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Bible Engagement Blog


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Ten Ways We Hinder Bible Engagement

Tragically, we’re prone to reducing the Bible to something manageable, comfortable, or palatable. When we reduce the Bible to something less than it’s meant to be, we handicap Bible engagement.

Here are ten ways we hinder Bible engagement:

Marginalizing – We shut down the Bible when it’s treated as something insignificant or trivial. Pagans do this all the time, but so do Christians. When we say we’re Bible-believing but don’t open it to read it, we’re side-lining it. And when we open it to read it but don’t obey it, we’re not giving it the worthy response it deserves.

Sanitizing – When we connect with the things we like in the Bible but not the things we dislike, we strip the Bible of its efficacy. Are we worried that people will pull back from God if we reveal His whole character? If we feel we have to clean up the Bible by avoiding difficult, controversial, or distasteful passages, we’ve stepped out of line.

Romanticizing – Treating the Bible in an idealized way, as a heroic tale or a book about flawless heroes should be anathema. On one level, the Bible is a love letter; but it’s also a record of humanity’s sin, selfishness, guilt, shame, tragedy, deviancy, darkness and despair. When we engage with the Bible we must engage with it warts and all!

Trivializing – There are occasions (e.g. teaching the Bible to children) when we use approaches designed to make Bible engagement fun. While fun in and of itself isn’t wrong, we should never be amused spectators or reduce the Bible to our carnal level. When the Bible is equated with feel-good preaching or entertaining story-telling, we’ve missed the mark.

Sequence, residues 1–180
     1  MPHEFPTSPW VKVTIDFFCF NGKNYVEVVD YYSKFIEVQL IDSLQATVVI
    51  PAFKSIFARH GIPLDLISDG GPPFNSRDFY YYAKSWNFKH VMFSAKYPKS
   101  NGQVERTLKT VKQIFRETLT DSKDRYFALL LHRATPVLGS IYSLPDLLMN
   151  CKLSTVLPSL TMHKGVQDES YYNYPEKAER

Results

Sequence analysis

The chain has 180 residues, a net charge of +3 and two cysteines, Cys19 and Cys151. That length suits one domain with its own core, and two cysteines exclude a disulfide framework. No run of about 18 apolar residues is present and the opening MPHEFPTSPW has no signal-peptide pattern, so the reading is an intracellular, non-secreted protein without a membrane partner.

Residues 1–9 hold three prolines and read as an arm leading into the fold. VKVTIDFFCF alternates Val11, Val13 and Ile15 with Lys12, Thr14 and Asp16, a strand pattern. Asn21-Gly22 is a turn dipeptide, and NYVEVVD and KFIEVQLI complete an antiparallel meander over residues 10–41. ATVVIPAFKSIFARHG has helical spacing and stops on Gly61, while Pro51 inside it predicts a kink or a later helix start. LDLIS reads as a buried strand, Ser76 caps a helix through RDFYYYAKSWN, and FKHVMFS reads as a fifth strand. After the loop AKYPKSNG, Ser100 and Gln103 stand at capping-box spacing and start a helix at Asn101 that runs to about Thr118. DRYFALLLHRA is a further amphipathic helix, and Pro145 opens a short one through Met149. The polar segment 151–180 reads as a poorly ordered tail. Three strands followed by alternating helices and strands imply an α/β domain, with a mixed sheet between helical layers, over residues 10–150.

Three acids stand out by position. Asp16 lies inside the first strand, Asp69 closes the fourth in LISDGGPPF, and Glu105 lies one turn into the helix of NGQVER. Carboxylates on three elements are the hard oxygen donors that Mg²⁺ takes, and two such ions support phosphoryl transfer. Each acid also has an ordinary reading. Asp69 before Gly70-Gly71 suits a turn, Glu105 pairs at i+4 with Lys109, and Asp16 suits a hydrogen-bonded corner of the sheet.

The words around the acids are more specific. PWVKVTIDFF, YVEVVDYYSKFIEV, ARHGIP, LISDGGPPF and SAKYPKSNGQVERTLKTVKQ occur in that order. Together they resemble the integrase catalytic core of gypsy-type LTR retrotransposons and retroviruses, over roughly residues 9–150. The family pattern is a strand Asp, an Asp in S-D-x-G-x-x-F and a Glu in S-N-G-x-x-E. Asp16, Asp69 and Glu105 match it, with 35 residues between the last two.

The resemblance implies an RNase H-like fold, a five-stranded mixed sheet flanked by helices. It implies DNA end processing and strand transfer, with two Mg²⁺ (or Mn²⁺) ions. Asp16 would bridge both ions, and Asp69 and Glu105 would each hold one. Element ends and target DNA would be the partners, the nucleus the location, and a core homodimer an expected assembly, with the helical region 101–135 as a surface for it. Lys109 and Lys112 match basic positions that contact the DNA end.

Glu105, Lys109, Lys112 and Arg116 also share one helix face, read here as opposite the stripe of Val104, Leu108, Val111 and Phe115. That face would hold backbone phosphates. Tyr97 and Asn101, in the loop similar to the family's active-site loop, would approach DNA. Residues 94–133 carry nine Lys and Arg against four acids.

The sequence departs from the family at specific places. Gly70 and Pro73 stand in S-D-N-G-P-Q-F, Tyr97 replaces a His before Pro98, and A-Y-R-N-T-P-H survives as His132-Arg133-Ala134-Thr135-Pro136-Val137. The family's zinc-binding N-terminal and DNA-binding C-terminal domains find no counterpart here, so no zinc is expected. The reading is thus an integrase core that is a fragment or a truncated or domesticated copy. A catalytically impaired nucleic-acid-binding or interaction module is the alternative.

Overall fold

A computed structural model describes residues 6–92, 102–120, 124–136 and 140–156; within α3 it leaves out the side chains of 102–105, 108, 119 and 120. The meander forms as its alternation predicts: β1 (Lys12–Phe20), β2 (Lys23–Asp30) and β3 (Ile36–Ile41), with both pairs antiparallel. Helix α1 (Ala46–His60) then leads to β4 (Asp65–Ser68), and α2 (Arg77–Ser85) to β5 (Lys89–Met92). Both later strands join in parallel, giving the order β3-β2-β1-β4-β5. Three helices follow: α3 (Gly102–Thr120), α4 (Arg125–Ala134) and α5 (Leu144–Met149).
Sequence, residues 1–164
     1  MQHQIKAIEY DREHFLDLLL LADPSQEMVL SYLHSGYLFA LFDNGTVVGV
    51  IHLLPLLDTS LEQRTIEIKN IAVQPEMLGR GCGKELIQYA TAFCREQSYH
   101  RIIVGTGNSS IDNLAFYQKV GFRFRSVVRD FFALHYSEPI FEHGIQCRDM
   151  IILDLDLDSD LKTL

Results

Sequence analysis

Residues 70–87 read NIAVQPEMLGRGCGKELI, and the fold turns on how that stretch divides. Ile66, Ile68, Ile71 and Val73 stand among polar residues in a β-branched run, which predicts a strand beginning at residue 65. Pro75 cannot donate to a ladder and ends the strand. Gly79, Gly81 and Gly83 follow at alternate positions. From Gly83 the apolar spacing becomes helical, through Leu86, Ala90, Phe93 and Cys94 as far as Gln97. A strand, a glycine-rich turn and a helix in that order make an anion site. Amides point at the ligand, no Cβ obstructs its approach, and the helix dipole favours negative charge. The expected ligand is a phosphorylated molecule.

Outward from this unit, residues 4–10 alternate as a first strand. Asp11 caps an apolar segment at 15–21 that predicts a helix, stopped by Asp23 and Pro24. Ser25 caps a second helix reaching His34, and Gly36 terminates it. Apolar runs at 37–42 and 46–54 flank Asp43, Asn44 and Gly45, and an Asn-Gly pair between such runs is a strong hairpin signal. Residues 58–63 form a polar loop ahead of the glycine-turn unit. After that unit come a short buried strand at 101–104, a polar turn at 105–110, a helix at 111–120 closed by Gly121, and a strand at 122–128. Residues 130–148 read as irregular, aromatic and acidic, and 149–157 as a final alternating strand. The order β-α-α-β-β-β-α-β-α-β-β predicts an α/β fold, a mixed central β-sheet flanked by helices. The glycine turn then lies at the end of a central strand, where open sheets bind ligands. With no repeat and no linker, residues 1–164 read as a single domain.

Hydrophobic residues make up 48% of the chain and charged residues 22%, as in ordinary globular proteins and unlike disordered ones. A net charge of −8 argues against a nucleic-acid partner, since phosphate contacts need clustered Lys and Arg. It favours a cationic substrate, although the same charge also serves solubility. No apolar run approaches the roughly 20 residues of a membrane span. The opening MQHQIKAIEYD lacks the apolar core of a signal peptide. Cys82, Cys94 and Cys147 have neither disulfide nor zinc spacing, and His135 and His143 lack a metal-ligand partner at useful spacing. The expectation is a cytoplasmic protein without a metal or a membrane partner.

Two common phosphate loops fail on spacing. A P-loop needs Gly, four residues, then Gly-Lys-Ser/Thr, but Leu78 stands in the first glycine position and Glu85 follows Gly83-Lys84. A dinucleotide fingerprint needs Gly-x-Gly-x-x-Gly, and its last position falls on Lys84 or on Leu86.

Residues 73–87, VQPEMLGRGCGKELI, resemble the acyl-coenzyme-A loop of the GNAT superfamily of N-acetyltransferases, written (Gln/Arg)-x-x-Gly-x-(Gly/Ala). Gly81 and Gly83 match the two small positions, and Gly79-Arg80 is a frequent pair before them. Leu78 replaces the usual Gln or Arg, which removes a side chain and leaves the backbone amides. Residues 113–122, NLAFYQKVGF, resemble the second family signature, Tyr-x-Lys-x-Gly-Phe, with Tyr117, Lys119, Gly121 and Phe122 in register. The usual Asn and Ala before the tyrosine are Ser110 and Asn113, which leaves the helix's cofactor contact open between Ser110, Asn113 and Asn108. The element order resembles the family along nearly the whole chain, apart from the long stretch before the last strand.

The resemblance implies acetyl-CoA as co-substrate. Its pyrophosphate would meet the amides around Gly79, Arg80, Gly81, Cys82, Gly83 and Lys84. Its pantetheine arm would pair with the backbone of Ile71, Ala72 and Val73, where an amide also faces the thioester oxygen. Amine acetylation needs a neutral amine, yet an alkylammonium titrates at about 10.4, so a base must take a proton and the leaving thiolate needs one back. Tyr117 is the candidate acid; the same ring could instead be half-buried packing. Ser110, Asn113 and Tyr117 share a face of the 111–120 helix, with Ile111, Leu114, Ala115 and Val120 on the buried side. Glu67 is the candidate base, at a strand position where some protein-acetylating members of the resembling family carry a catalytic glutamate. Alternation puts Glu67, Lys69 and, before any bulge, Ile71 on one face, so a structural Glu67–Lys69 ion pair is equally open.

Moralizing – The Bible is the doorway to redemption and reconciliation in Christ Jesus. If we diminish it to a niggling petition for ethical change, we close it down. The Bible should never be used to impose control, make demands, get people to conform, or make others feel guilty. It’s not a narrative on issues of right and wrong or a book of moral stories. And it’s never more important to be good than to know Jesus.

Legalizing – While the Bible contains statutes, precepts and commands, it’s not a book of rules per se. Nor is it the means to teach behaviour modification as the be-all and end-all of Christian living. The Bible should never be manipulated to keep people in little boxes. We lock the Bible down if we don’t understand that biblical law only makes sense within the context of faith alone, in Christ alone, through grace alone (cf. Romans 10:4, Galatians 6:2, Ephesians 2:8-9).

Sensationalizing – While the Bible is sensational (extraordinary), it shouldn’t be sensationalized (embellished or overstated). Presenting the Bible in ways designed to provoke interest and excitement at the expense of accuracy is always wrong and always impedes meaningful encounters with the One who is the Word, Jesus Christ.

Minimalizing – Do you snack on a Bible verse a day? Do you only consult the Scriptures for guidance or directions when things go wrong? Do you select just a few favourite passages to the exclusion of others? If you’re doing these things, you’re getting in the way of the Bible fully having its way with you.

Categorizing – Sometimes we treat the Bible like a school textbook, a history of the Jewish nation, or a book of outstanding literature. The Bible is more than information, more than spiritual sayings, more than tips for better living, and more than a storehouse of doctrines or propositions. Pigeonholing the Bible as anything other than the Book of books makes a mockery of the fact that the Bible is God’s living, active, unfettered Word.

Liberalizing – When the Bible is considered fable-laden or false, when it’s treated as something that doesn’t reconcile with modern thinking, or when reason is considered to be the final authority for interpreting which teachings are correct and which are not, then the ultimate shut down of the Bible has occurred. When this happens, Bible engagement is a misnomer.

Sometimes our reductionist approaches are unintended; sometimes they’re due to inexperience, and sometimes they’re intentional. Are you helping or hampering Bible engagement? If you’re doing any of the things mentioned above, you’re reducing the Bible to something less than God intends it to be.

© Scripture Union Canada 2021

2 Corinthians 4:5